Restorative Yoga for the Mighty Nurse

yogaIt’s no secret that the nursing profession, while most honorable, is also one of the most stressful.  Article after article references the hard work and devotion nurses make to the profession-going above and beyond.  It’s most certainly a labor of love when one takes an honest look at the lower pay, long hours, and unavoidable stress that nurses endure in comparison. We love our jobs in spite of the stress that comes with it. We thrive in the service of others. So what can we do to serve ourselves? Destress from a tough day?

I found yoga while in nursing school.  In the last 16 years, it has supported me in both my professional and personal life.  It helps me destress and stay balanced. It has become my passion in life to teach everyone I know-friends, family, the corporate world, coworkers, parents of hospitalized children, and now you.

Why Yoga?

Yoga is an ancient tradition of posture, breath, focus, and, meditation. Rooted in India, it is a practice that’s ultimate goal is to relieve the mind of internal chatter and thus suffering.   It claims no religion.  Anyone can practice regardless of faith, gender, age, size, health, flexibility. More and more research is showing the benefits of yoga from relief from depression, anxiety, and stress to improved sleep, cardiovascular health, and immune function. The corporate world has taken notice with companies like Google and Apple offering free yoga to employees. It is time that nurses and nursing students benefit as well.

The following is an easy, 5-10 minute pre or post shift restorative yoga sequence to start your shift right or end the day. Restorative yoga moves the practitioner through a series of static postures or poses. This restorative sequence is designed to tap into the parasympathetic nervous system-calm the mind, connect with the breath, and ease a bit of achiness in the neck, shoulders and low back. One pose leads into the next.

What You Need

All you need is a yoga mat or a large beach towel and a medium sized, tightly rolled towel. If you know you have tight hips, have two additional tightly rolled towels close by.

Apanasana (Knee to Chest Pose)

Apanasana is the perfect pose for low back pain. Show me a nurse that has never had low back pain. This should be a part of your daily nursing routine. On an inhale, draw your knees to your chest wrapping your arms around your shin bones. Relax the head, neck, and shoulders on your mat. Soften all the muscles in the face, neck, shoulders. You can move your knees from side to side and/or forward and back for added release. Breathe deeply here in and out through your nose for at least 10-20 breaths or as long as feels good.

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Jathara Parivartanasana Variation (Revolved Abdomen Pose Variation)

This simple twist is another pose for tension in the shoulders, along the spine, or back. It is the perfect pose to neutralize your spine after a day of lifting, turning or supporting your patients. Nurses assume some of the most unnatural positions while working at the bedside. Draw your knees into your chest. Drop your knees to the right, one stacked on the other. It’s perfectly ok if you can not reach your knees to the floor. Find your shape without forcing. Keep your shoulders anchored to the mat. Stretch your arms out along the floor in a T shape, shoulder height, palms facing down. Look over your left shoulder. Take 10-20 deep even breaths in and out of the nose, longer if you wish. Breathe out any tension between the shoulder blades, along the spine, in the low back. After 10-20 breaths, inhale and draw your knees back to the center. On an exhale, drop your knees to the left side looking over your right shoulder to repeat on the other side.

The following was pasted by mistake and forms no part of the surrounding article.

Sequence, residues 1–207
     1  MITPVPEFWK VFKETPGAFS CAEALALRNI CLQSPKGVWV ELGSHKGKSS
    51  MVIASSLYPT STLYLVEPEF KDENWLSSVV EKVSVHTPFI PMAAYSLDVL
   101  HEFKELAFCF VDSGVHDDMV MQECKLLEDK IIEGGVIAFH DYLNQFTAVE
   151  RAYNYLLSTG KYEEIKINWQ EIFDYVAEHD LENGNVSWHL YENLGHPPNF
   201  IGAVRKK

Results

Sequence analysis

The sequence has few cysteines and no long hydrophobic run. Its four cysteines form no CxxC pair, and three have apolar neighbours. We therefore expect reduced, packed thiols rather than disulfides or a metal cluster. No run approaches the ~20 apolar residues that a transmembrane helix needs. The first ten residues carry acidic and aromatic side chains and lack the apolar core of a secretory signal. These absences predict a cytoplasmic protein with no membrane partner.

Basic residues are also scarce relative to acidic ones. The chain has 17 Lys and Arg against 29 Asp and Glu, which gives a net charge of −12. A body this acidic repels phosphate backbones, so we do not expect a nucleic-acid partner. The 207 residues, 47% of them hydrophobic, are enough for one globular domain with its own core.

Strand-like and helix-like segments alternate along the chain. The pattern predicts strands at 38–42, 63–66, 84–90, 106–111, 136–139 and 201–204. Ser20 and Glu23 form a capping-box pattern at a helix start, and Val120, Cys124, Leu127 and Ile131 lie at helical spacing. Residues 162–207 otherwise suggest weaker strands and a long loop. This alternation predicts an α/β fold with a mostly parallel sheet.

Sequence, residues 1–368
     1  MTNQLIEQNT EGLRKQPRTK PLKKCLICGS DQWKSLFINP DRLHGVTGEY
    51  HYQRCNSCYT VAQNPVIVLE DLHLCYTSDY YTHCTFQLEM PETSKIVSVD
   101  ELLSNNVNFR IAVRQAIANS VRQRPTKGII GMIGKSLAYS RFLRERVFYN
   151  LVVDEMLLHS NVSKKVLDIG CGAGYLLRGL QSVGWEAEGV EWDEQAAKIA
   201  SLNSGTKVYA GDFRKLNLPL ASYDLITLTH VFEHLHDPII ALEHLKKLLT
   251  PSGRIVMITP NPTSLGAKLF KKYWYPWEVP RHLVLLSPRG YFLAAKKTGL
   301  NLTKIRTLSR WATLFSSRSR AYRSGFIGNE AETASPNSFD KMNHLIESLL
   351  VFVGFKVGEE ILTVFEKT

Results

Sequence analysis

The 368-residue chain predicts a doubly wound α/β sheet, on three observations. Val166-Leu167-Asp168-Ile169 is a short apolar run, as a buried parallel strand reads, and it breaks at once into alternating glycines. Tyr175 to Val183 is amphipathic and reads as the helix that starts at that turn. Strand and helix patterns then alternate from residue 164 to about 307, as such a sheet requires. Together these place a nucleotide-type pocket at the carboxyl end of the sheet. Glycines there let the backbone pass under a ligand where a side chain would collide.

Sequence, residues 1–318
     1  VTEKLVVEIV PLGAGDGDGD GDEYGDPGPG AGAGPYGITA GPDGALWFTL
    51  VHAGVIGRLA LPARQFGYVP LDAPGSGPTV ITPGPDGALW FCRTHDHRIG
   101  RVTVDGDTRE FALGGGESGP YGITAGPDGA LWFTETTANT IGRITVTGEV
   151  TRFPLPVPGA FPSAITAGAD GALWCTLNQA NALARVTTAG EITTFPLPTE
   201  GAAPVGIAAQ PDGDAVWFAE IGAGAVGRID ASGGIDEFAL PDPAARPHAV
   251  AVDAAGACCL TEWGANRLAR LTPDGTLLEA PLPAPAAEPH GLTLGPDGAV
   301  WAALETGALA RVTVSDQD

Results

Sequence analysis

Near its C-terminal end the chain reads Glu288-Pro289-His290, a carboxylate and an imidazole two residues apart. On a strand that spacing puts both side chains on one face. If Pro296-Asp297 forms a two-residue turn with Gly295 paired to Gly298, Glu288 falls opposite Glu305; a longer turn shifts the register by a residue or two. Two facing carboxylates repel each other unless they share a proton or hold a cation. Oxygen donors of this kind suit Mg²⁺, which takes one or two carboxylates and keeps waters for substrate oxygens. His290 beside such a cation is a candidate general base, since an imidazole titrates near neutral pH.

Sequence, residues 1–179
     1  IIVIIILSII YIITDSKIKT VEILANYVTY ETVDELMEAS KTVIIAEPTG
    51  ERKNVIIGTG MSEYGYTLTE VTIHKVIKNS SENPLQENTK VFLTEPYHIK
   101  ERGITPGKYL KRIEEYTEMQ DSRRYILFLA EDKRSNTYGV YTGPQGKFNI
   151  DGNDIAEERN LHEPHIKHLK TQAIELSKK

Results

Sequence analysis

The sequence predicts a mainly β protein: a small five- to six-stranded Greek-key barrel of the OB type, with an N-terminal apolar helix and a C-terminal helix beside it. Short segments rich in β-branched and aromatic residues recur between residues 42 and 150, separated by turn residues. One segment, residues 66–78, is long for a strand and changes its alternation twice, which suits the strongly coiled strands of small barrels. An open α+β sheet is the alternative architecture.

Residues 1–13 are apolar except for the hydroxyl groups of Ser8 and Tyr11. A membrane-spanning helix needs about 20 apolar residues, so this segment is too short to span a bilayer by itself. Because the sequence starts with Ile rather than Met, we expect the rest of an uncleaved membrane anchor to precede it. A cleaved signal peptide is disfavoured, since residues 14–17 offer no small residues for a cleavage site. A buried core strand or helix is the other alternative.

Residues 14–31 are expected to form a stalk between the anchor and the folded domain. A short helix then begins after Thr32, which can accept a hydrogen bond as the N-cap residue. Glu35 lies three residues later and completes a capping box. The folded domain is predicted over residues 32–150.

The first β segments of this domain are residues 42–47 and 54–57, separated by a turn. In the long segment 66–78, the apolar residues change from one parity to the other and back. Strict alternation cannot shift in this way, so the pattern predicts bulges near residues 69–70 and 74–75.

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Supta Baddha Konasana (Reclining Bound Angle Pose)

Supta Baddha Konasana is my favorite restorative yoga pose. The goal here is total relaxation with the added benefit of a gentle stretch in the hips. Lay flat on your back. Place a rolled towel just under the tips of your shoulder blades. Your shoulders should release down and be touching the mat. Bend your knees and allow them to gently fall to the sides bringing the soles of your feet together. If it is too much strain on the hips or if you feel any strain in your knees, place a rolled towel under each thigh.

Close your eyes and begin bringing your awareness to the sound of your breath. One breath at a time, in and out of your nose. Begin to lengthen every inhale, every exhale. With every inhale, invite calm and ease. With every exhale, let go of any tension, achiness, worry. Let go of any conflict- a difficult shift, difficult patient, difficult doctor or coworker. Just allow a wave of self care wash over you with every single breath. Stay in this pose for at least 2-3 minutes. The longer the better.

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Lori is a travel nurse that has made her way to Sweden. Follow her adventures working and traveling through Europe in her blog, Neonurse, or on Instagram.

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